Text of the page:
What a way to start 2018: Approaching its second year, the Detroit Muscle Crew II is pleased to announce that seven new members have joined our team.
Please welcome the following volunteers to our crew of dedicated skilled trades people and do-gooders: Ken Peterson, Tabitha Mendez, Lonnie Ware, Rich Dixon, Jacklyn Carrico, Kimberly Johnson and Mary Deridder.
Created by S.A.Y. Detroit founder Mitch Albom in March 2017, the DMCII is a group of volunteers who give their time to support structural and physical maintenance projects for S.A.Y. Detroit’s umbrella of nonprofits.
Last year’s projects included repairing and replacing windows and doors at the Cathedral of St. Anthony’s food and clothing pantry in Detroit; installing trim at the Detroit Water Ice Factory in downtown Detroit (and helping construct its summer pop-up location in Franklin); performing maintenance work on several transportation vehicles used at the S.A.Y. Play Center; landscaping a fence line at the S.A.Y. Play Center, and donating pest control services for Working Homes/Working Families.
This year’s projects will be begin this spring, so please watch your inbox for messages.
Of the nearly 30 skilled tradespeople who comprise the Detroit Muscle Crew II, Greg Peterson stands out in the crowd.
It’s not just his commitment to volunteerism; each and every member of the DMCII team donates their services.
It’s what Peterson does. His company — Eco-Sound Pest Management — is the only one among the group that’s devoted to pest-control management.
So when S.A.Y. Detroit reached out last month to see if he could assist our Working Homes/Working families charity, Peterson not only donated his time, but all the materials needed to complete the job. Eco-Sound is based in Birmingham.
Why the generous donation?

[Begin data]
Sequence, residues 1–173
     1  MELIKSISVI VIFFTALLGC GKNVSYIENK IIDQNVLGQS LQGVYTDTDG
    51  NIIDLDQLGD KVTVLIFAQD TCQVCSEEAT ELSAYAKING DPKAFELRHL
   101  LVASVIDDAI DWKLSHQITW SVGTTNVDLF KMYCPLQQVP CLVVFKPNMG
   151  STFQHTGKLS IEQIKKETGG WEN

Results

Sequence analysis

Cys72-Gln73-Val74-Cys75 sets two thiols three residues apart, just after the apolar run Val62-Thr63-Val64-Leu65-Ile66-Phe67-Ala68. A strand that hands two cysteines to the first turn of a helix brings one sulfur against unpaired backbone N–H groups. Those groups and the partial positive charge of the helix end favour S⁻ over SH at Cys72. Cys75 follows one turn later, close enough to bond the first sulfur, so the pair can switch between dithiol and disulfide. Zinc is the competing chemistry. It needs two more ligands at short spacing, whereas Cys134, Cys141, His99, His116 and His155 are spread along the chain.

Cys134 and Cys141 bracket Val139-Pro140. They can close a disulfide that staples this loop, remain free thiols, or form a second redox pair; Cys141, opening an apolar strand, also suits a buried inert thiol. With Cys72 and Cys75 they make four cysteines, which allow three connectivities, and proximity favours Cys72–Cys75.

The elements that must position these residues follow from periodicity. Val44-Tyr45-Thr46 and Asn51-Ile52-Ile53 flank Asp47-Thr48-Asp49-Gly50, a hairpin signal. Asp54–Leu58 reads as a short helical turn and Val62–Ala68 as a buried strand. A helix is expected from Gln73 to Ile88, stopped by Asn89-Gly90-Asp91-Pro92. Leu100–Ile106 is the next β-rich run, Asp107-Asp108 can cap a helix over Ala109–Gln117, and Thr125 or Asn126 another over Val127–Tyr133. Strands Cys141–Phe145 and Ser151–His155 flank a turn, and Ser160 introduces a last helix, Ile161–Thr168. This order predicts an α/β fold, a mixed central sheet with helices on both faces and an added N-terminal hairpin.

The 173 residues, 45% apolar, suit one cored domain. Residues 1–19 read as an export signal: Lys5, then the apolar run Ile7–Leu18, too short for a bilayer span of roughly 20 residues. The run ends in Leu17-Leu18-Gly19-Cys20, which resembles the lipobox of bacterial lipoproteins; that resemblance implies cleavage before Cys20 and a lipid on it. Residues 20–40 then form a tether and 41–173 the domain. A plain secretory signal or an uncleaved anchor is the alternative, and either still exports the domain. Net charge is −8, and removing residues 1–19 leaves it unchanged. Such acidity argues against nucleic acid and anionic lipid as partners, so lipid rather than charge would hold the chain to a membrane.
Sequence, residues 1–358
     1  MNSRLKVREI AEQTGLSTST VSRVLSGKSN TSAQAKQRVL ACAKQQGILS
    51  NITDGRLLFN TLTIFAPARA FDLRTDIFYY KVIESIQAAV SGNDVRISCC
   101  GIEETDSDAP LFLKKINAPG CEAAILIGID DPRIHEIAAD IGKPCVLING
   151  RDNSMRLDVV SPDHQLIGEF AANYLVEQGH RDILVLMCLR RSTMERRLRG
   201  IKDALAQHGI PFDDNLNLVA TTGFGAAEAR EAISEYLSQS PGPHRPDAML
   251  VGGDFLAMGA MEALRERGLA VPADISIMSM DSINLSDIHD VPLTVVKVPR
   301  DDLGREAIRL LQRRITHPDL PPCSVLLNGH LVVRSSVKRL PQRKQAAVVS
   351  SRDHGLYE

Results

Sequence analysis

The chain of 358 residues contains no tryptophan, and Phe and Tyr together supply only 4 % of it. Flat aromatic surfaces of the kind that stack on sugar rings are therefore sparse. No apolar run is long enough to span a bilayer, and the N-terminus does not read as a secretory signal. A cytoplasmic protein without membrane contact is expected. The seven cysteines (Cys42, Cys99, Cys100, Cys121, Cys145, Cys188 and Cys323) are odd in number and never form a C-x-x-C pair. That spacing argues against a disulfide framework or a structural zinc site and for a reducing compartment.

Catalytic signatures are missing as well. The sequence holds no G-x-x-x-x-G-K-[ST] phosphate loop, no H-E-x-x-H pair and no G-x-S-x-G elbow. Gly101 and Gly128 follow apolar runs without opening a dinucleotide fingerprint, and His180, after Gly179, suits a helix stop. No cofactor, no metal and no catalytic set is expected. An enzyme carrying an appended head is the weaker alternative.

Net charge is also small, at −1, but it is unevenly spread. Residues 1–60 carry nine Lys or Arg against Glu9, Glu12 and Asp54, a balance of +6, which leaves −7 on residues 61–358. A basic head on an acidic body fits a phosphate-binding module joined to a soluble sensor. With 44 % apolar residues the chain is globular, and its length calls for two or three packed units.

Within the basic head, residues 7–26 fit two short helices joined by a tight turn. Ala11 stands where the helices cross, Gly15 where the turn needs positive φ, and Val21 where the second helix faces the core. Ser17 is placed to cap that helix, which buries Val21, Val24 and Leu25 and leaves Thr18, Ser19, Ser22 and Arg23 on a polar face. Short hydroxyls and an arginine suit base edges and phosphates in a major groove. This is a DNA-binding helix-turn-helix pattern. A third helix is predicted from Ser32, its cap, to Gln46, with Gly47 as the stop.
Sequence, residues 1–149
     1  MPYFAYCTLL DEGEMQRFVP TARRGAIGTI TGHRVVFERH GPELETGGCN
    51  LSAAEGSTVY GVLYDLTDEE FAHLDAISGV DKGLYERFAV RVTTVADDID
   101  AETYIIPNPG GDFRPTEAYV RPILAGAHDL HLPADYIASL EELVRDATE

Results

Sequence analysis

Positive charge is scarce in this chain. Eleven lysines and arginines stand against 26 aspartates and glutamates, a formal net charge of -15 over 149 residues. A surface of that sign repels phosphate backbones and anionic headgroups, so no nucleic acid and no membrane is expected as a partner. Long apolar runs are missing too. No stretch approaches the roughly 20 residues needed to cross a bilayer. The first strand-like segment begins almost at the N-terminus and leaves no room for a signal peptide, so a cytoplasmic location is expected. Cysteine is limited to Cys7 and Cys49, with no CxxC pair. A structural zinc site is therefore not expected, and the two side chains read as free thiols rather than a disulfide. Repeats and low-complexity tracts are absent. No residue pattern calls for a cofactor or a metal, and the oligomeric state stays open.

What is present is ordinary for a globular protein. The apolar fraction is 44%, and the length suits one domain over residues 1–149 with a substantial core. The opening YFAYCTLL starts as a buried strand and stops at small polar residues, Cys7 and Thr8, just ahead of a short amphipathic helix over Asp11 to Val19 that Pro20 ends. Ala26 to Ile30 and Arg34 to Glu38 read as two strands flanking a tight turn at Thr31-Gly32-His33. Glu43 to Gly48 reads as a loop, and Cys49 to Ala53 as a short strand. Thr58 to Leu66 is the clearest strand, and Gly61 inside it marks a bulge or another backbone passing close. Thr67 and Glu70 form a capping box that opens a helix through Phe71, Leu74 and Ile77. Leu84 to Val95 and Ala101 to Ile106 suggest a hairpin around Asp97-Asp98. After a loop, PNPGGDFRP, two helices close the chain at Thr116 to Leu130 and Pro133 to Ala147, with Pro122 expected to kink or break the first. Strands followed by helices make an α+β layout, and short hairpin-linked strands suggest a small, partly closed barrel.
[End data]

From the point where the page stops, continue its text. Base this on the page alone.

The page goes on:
Peterson said it was simply because he was happy to get a call for help and be of assistance.
On behalf of Detroit Muscle Crew II founder Mitch Albom — and all of S.A.Y. Detroit — we thank you, Greg, for your services!
But in the eyes of Mike Stephanoff, finished didn’t necessarily mean completed.
The DMCII volunteer and owner of One-Step Home Solutions, learned after the project that the front doors to the church desperately needed to be replaced. They were rotting, unsightly — and 115 years old.
So he contacted Bishop Karl Rodig and Jim Penrod, who directs St. Anthony’s food and clothing pantry, and delivered three simple but golden words: “I’ll help you.”
Foundation funds depleted, Stephanoff developed his own fundraising plan and began spreading the story about a small church on Sheridan Street in Detroit that does big work, assisting thousands of residents each year.
In just under two months, Stephanoff had raised a total $9,609 in donations. And on Sept. 29 the possible happened: four new front doors to the church were installed. Thanks to Stephanoff’s generous heart, he and his crew once again donated their time and services to St. Anthony for free.
How’d he do it?
“Well, I started contacting customers and one thing led to another,” he said. “Through their kindness, and the kindness of my friends, we were able to get it done.”
Jim Penrod said: “Mike and his crew are amazing, and they do such excellent work.”
Stephanoff isn’t new to volunteering. As a younger man, he frequently donated his time to others in need when he served in the Navy.
“When I answered the call to Mitch Albom’s article (last spring) to join the Muscle Crew, well, it just feels good,” he said.
DETROIT — Doug Watson isn’t a carpenter by trade—he’s a longtime electrician at The Conti Corporation—but he raised his hand anyway when he heard that S.A.Y. Detroit needed some work done at its Detroit Water Ice Factory in downtown Detroit.
The request: Install a third row of trim designed to hold a slew of celebrity photographs at the frozen dessert store at Campus Martius, where all profits benefit Detroit’s neediest citizens under Mitch Albom’s S.A.Y. Detroit umbrella of charities.
“I’ve been in the business long enough that I know how to do a lot of different things,” Watson said. “I’m glad that you contacted me, but I’m especially glad that it worked out well.”
The project, which was completed last week, was Watson’s first since joining the Detroit Muscle Crew II last spring after Albom formed the all-volunteer team of skilled tradespeople to help with S.A.Y. Detroit’s physical projects and endeavors. (You can sign up to become a member here.)
Watson said that he had so much fun, and that Albom was so grateful, that he decided to donate the materials for the project himself, a value of $143.
“It was great teamwork all the way around,” Watson said. “Bedrock (which provides the DWIF space for the store) even sent a guy over to help me, because it was a two-person job.”